This morning on the way to work I was listening to a podcast and they were talking about three different types of interval training: the Tabata method, the Little Method, and the Turbulence method. I’m pretty familiar with the tabata method and have done quite a few tabata workouts. When you’re short on time, it’s perfect. I had never heard of the Little method but after learning what it was, I realized that I had been doing my own version of this workout for quite sometime. The Turbulence method includes weights and cardio and is a longer workout than a Tabata or Little session. This awesome infographic from Greatist.com gives an overall view of the three sessions and helps you figure out which one is best for you. I tried to insert the image into the post but it came out super tiny. Just click on the link – it’s very informative:
For the complete description, click here
To sum up the Little method, it’s basically a warm up of 3-5 minutes followed by one minute all out at max effort and then 75 seconds easy effort. These intervals should be repeated 12 times, for a total of 27 minutes. The Turbulence method is a combination of weights and cardio. It includes a 5 minute warm up followed by an 8 rep set of weight lifting and then one minute of cardio (mountain climbers, jump rope, burpees, etc.). This should be repeated through a full body routine for a 45 minute workout. I bet you’d be pretty sore after that one. This sounds like a good Wednesday workout (that’s my do something different day).
I love intervals. They are the only reason I’ve ever been somewhat fast at running. And due to my injury rate, I’ve become the master of intervals on an elliptical and spinning bike. I even broke an elliptical once going a little too fast Opps!
Happy Trails and Happy Running,
Everybody has different sleep requirements. My sister is more on the 8+ hour side and I’m on the 6 hour side. When I was younger, I put a lot of emphasis on sleep. If I didn’t get 8-9 hours, I started to stress out which made quality sleep even more difficult. However, life happens and because I have to wake up so early for work (4:45am), 6 hours is about all I can manage. And actually, this works quite well for me. Personally, I think it has something to do with my spinach smoothies with VEGA energizing smoothie powder plus coffee first thing in the morning, but who knows.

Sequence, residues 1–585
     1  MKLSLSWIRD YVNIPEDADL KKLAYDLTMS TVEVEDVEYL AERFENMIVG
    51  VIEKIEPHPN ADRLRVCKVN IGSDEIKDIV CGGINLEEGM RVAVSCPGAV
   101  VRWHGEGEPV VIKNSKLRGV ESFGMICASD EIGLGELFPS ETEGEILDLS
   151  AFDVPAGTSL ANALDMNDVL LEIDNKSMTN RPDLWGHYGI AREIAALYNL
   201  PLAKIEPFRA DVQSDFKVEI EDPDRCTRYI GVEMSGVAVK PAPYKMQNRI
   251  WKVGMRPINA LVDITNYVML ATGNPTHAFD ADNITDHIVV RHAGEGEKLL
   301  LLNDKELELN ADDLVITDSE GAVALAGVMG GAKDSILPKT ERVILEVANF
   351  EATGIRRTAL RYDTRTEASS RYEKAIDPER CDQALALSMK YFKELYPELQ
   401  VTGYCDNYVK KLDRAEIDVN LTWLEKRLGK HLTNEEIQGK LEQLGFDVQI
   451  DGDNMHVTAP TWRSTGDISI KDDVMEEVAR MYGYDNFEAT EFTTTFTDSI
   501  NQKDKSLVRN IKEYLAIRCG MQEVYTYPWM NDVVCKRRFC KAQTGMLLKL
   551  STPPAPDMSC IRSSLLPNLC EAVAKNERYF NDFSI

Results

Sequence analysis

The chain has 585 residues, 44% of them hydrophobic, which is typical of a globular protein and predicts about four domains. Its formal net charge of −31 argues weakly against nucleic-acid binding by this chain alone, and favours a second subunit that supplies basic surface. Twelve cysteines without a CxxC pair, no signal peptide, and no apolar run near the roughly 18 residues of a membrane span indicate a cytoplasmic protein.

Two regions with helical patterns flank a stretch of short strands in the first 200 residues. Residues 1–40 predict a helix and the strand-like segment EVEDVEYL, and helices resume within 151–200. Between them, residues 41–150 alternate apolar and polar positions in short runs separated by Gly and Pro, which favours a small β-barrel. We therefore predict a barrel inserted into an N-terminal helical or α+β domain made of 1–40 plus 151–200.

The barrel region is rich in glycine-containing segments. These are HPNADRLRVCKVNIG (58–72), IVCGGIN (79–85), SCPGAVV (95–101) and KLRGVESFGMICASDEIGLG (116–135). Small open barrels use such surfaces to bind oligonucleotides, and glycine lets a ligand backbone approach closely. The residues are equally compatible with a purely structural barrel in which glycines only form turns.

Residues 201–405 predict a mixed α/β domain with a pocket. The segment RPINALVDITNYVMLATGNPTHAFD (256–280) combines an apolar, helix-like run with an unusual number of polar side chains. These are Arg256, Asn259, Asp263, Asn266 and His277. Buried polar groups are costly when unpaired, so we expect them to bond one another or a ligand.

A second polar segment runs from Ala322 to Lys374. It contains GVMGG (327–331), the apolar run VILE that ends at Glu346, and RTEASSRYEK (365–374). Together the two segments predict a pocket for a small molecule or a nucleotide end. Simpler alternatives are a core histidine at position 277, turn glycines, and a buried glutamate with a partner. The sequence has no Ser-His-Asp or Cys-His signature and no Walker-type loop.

I just woke up from an awesome 2 hour nap after my 21 mile run this morning. (I miscalculated my route and didn’t make it to 22 but I will still happy with the run.) My fabulous nap got me thinking about the importance of sleep during marathon training. Every training season I seem to get worn down and sick right when training is at its peak and I really want to avoid that this fall. I found a very interesting article from Running Times and there are two points I find to be particularly noteworthy:
First, it is during the 3rd and 4th stages of a sleep cycle when the body repairs itself. This is when the human growth hormone HGH is released from the pituitary gland and it is this hormone that helps rebuild muscle tissue and bones. In other words, uninterrupted sleep is important.
Second, the quality of sleep might be more important than the quantity. Apparently the more fit you become, the more your quality of sleep improves.